The software can set two outputs low and one output high (for instance, column 1 high, column 2 low, column 3 low) and then measure on the other three pins (therefore row 1, row 2, and row 3). 

If a given row is measured as high, then the combination of the current column and the measured row indicates which button is pressed. This process is repeated for all three columns. 

By connecting Point E from the previous image to Points G or H, this is making these column to row connections - and as a result, triggering the sound. 


The speaker and batteries are removed. 










Soldering

A set of six wires are prepared. The end of each wire is stripped back a little, and a small amount of solder is added to each end of the wire. These six wires will be soldered to points E, F, G, H, I and J so that the connections for the button pressing and pitch bend can be made to a breadboard. 

This is the underside of the circuit board. Conveniently, points F, G and H are all through-hole connections, with a small copper area perfect for soldering on the front side. The wires can be sent through the holes from the underside, and then soldered to the front side easily.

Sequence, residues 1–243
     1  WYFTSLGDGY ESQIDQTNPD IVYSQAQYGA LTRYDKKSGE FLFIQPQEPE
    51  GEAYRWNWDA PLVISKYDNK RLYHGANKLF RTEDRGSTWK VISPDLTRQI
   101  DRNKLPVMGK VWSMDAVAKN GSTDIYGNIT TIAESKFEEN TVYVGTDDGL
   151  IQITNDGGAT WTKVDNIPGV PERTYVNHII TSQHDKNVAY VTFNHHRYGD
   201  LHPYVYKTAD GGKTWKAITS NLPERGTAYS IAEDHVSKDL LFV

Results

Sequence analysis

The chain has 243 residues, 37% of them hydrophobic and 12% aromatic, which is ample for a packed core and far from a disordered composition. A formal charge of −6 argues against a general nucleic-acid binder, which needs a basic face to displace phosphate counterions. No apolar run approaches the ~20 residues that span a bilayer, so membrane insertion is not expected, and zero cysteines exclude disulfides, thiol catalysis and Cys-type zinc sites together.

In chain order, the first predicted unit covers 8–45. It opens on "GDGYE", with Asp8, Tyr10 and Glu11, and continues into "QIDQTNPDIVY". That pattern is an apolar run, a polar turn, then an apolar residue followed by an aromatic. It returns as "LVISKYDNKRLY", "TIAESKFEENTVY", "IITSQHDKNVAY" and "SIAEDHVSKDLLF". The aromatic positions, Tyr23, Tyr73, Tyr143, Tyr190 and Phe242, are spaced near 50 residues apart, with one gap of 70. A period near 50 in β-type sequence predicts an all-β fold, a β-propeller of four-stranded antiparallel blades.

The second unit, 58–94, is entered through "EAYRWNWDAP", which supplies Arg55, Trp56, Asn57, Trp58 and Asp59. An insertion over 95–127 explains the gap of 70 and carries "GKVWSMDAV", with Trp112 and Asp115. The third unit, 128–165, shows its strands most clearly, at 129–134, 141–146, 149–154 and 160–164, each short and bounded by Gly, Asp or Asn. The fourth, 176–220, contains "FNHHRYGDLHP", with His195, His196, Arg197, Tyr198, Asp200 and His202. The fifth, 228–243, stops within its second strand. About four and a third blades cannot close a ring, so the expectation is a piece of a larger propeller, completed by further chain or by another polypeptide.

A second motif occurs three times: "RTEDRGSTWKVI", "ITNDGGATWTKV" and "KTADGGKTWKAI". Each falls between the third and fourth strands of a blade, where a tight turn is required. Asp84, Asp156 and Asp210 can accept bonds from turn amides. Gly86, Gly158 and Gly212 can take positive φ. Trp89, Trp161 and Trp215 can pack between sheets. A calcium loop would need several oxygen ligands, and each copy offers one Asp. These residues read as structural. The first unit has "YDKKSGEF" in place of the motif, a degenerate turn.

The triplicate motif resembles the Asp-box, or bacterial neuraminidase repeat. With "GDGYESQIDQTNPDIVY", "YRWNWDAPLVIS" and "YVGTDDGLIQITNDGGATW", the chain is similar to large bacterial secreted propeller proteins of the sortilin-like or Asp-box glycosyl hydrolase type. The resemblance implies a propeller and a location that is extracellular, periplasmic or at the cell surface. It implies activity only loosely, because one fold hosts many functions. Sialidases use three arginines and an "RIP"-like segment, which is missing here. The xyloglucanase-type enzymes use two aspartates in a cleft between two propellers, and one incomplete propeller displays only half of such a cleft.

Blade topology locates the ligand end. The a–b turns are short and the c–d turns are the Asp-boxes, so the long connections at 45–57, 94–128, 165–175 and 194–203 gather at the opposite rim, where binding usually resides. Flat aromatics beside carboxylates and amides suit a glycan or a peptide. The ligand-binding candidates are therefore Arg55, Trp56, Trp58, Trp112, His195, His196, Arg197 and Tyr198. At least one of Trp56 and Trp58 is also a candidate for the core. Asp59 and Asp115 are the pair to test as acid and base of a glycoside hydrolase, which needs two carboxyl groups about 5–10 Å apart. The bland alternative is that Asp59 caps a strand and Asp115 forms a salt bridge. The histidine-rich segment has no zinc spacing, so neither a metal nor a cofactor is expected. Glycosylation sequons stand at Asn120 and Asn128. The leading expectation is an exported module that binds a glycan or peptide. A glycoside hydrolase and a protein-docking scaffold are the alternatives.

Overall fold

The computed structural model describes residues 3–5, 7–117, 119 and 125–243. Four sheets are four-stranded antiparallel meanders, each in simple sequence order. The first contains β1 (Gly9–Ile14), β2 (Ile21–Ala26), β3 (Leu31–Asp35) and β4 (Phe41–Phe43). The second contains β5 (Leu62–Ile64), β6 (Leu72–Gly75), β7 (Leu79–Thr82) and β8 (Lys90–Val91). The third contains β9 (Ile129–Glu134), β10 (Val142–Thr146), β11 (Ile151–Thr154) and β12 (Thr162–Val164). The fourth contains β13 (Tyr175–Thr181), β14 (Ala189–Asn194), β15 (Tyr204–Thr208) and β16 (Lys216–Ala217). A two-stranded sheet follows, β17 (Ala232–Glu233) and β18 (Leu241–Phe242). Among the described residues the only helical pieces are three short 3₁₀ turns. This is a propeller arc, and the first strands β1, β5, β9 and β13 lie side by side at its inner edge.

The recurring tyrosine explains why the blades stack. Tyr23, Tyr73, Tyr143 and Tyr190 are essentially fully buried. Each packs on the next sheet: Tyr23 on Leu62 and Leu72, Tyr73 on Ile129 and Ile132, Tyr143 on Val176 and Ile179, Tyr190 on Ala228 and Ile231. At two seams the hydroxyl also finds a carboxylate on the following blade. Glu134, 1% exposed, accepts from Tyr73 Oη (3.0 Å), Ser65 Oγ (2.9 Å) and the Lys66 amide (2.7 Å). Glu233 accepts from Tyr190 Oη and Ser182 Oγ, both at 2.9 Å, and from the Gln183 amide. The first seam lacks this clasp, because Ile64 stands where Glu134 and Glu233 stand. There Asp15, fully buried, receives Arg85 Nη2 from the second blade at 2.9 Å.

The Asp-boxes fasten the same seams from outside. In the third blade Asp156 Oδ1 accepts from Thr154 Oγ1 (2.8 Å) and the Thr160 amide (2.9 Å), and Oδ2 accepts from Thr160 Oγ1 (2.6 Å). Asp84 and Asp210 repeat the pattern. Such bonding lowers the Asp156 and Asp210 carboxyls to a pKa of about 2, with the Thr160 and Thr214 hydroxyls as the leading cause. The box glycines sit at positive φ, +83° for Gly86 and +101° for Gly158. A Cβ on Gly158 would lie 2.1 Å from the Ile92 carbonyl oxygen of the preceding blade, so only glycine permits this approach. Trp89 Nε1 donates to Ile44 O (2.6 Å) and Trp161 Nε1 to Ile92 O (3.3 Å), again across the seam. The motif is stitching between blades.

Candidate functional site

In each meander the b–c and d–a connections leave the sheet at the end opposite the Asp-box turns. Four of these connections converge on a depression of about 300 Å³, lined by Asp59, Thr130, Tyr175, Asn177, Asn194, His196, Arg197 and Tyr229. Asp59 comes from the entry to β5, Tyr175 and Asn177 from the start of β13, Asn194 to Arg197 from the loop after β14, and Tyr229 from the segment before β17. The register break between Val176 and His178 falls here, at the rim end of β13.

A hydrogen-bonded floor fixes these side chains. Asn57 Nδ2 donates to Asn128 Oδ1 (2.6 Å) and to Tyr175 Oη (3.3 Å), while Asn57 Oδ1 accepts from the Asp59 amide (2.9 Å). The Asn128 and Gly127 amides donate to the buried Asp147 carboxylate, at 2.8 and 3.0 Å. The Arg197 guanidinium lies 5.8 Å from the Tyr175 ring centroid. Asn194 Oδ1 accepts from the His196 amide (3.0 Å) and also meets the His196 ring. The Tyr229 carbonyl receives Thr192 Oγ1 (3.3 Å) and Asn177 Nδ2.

The toy is now completely removed from the casing. The black wire is ground, the red wire is 3V, the the white wires to the bottom of the board are the speaker connections. 


Four wires are soldered to points E, F, G and H. These will be connected to a multiplexer, so as to replace three of the buttons. In the case of point E, the copper surface had to be scratched back using a screwdriver - this made it possible to attach solder and hence the wire to it. 


The clock resistor is desoldered. One wire is soldered to point I, another wire is soldered to point J. In both cases, a small amount of additional solder onto the circuit board made it easier to connect the wire to the circuit board. 










Hardware Setup 


The toy is connected to a breadboard. The speaker outputs are connected to a digital pot. The key connections are connected to a multiplexer. The power supply terminals are connected to the 3V supply of the Teensy.